I had no idea that turning a pump on & off would increase wear on the pump. Now I see Linda's perspective. Keeping the pumps on regularly may increase electrical output, but if I have them running off a 60 watt solar pannel system with a back-up tirckle charger then it won't cost me really anything extra and I'll extend the life of my pumps.

 

Just to clarify: Using a smaller pump will slow the input flow rate into the table and it would take longer to fill completely. The bell syphon doesn't actually engage till there's an overflow from the overflow tube contained within the bell syphon. And the syphoning effect is due to suction within the bell which is caused by gravity pulling the water which creates a vacuum inside the bell. With gravitational accelleration being a constant 32 feet per second, how does getting a smaller pump or reducing the fluid rate input slow the rate of the fluid rate output when bell siphoning occurs?

 

Sorry for the technical question. I love physics.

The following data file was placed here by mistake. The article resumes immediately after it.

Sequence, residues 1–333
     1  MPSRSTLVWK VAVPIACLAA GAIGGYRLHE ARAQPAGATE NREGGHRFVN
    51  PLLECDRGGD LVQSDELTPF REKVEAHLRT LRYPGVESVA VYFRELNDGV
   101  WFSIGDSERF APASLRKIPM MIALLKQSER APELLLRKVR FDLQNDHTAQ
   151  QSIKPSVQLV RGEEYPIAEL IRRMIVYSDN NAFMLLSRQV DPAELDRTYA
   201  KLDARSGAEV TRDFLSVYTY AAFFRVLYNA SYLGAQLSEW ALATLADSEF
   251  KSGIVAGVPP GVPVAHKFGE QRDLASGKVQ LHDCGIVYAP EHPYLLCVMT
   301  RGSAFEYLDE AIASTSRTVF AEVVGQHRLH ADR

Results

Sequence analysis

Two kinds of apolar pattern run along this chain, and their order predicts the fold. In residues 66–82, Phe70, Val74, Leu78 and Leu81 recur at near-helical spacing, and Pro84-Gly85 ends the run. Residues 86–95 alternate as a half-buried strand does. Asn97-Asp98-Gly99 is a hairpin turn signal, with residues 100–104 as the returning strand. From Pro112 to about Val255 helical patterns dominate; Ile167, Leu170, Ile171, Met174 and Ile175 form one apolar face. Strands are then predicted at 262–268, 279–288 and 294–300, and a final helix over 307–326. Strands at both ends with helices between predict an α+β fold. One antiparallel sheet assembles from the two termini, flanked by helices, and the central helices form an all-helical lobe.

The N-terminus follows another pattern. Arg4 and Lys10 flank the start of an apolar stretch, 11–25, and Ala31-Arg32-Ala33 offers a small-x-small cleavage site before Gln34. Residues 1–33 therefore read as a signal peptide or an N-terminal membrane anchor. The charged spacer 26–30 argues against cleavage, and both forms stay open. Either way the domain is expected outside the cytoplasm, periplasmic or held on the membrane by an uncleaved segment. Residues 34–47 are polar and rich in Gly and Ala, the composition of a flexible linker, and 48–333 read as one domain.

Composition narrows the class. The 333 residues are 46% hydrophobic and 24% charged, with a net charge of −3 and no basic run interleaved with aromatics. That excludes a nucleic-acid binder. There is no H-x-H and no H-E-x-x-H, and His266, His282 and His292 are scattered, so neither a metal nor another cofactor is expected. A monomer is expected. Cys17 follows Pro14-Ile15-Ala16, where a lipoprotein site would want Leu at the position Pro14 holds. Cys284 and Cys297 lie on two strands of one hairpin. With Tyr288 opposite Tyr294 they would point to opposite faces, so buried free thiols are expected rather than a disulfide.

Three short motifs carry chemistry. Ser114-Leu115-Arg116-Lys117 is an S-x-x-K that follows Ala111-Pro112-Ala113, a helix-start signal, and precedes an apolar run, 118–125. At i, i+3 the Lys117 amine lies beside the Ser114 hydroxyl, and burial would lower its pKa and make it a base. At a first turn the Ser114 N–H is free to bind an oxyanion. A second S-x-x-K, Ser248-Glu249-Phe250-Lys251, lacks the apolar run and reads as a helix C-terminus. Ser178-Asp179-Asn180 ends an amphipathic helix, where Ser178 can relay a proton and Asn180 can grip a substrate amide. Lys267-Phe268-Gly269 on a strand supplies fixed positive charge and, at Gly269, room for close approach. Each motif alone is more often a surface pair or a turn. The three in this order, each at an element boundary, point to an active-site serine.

>.. Never had much experience with physics after high school. But if the inflow is slow, the growbed fills slowly. the outflow is controlled by gravity, and should drain your small growbed in a minute or less. Even though the little pump is continuing to bring water to the growbed, it will NOT affect the drainage at all. You will want to have the growbed fill in less than six hours, but the drainage will probably take about one minute.

>.. When you site your drainage, allow about a one half inch of dry rock ABOVE the expected overflow point of the siphon. This will stop weeds from growing as well as moss. Just plant your seeds at the high water mark and when they sprout they'll come up to the light, and the roots will go down to the water.

 

Oh wow!!! Completely understood now. When you say slowly you REALLY mean slowly. I definitely have some calculations to do to determine what my water volume will be with medium in place to determine what the input flow rate needs to be to fill my table in 6 hours. Knowing this I will need to add a throttle valve to control the volume flow to my table. What is the optimal time to fill the bed?